Centuries ago, American industrialists like Rockefeller and Carnegie took Charles Darwin’s theory of the “survival of the fittest” to justify the exploitation of workers and the subsequent inequality that followed.
The long legs of these philosophies remains in effect today where wealth is concentrated in the hands of a few wealthy individuals or families like the Waltons of Wal-Mart fame.
This is the tangible expression in reality, that concentrating wealth among the few is what is best for our society as a whole. The government has also created laws that seem to support this premise as many wealthy people are afforded special treatment when it comes to paying an equitable share of taxes.
This issue was so famously championed by Warren Buffet the richest man in the world at one time, whose tax rate was less than his secretary who made $60,000 a year. This issue of wealth concentration was briefly in the news as the ninety nine per centers demonstrated against the one per centers who held most of the wealth in America. Curiously, the movement quickly lost energy and vanished.
Though often quoted and referenced, Darwin’s theories have been used in a manner that is inconsistent with his beliefs about the human race. In his 1871 book, The Descent of Man, Darwin offered that humans had succeeded as a species because of traits like cooperation, caring and selflessness. Darwin wrote that “those communities with the greater number of most sympathetic people would flourish and would rear the most offspring.”
Darwin believed that wealth sharing and cooperation were more consistent with his observations about human survival than the elitism and the rigid hierarchy that dominates contemporary corporate culture. Darwin’s early observations seem to explain how much of our culture is currently arranged.
New research by Psychologist Michael Tomasello has comingled 30 years of research to develop an evolutionary theory of human development. He identified two uniquely human elements that made humans interdependent and therefore fostered cooperation. Food was essential to the survival of our fledgling ancestors some two million years ago. Cooling climates lead to vast open plains that required our ancestors to adapt to this new environment or perish.
They lacked the ability to hunt the large carnivores of the period and instead became scavengers of the carcasses of these large predators. The fossil record reveals that while the skeletal remains have numerous carnivore teeth marks, so do the carcasses have marks from stone tools that were used to glean the remaining flesh form the animals.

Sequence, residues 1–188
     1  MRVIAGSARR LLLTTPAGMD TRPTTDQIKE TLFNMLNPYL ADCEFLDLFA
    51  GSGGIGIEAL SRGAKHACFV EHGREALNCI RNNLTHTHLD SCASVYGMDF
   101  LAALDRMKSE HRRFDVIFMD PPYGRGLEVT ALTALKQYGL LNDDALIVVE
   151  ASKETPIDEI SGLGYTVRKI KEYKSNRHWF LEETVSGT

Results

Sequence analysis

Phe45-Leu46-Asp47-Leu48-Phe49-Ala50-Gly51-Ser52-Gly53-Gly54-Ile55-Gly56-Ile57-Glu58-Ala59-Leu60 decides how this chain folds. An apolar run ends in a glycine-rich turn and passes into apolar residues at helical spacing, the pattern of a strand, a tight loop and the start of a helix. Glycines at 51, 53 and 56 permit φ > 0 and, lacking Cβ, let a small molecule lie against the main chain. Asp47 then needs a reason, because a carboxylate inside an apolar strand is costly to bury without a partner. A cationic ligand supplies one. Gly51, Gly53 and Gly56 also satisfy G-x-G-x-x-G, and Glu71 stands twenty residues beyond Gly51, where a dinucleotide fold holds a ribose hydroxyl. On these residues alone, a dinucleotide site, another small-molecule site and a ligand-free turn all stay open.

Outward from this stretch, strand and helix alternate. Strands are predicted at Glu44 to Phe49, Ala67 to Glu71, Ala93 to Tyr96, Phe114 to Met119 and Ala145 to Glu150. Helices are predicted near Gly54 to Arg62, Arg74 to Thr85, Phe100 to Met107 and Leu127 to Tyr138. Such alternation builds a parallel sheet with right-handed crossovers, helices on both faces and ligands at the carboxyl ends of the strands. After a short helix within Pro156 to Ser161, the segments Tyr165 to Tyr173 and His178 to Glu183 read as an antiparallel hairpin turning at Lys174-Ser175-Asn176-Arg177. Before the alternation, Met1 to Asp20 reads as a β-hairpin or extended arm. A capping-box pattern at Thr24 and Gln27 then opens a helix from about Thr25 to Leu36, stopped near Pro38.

Unlike jungle dwellers, who could independently gather fruits or nuts for themselves, these early humans had to work together. As they approached the remains of a carcass they had to insure that people were on the lookout for predators that might attack them while others removed the remaining meat from the bones that then would have been shared with everyone.
These behaviors resulted in a form of natural selections that favored cooperation. There is some evidence that humans that did not adapt these sharing behaviors may have been banished. Today researchers have shown that this evolutionary legacy of cooperation remains strong in humans, young children who are too young to have been taught cooperation have these behaviors.
A study in the journal, Nature, demonstrated that when three year old children obtained food through cooperative efforts they were much more likely to share the food than when achieved individually.
The second element of Tomasello’s theory holds that certain kinds of commerce are more in line with human evolution than others. Through language, cooperative food gathering and unique rituals humans developed a human interdependence not seen elsewhere.
This interdependence lead to cooperation beyond small scale cooperation to culture wide cooperative efforts that lead to greater solidarity. Corporations are the antithesis of these evolutionary lineages. Corporations impose a linear conformity that may, in time prove unworkable for the human race. More and more modern businesses around the world are run as cooperatives where a group of people set the economic and operational philosophy of the business.
Within these cooperatives control is more regional and less centralized and more open to the wishes of employees. The single imperative of traditional corporations is to return a profit to investors. This reason alone may explain why so many Americans working in a corporate culture are unhappy and alienated from the corporation.
Often the outcomes of the corporation are not to benefit the immediate community but rather a remote group of investors that have no connection to the lives or the labors of the employees. Perhaps in time and from necessity, the “survival of the fitness” will be relegated to an obscure corner of our national psyche.
The challenges that face us as a nation, a planet and as the human race may finally force us to revert to the cooperative strategies that helped to create the human race, a race that in my opinion we are starting to look less certain.
Remember, all kids count.
Reach the writer at Hurlburt@wildblue.net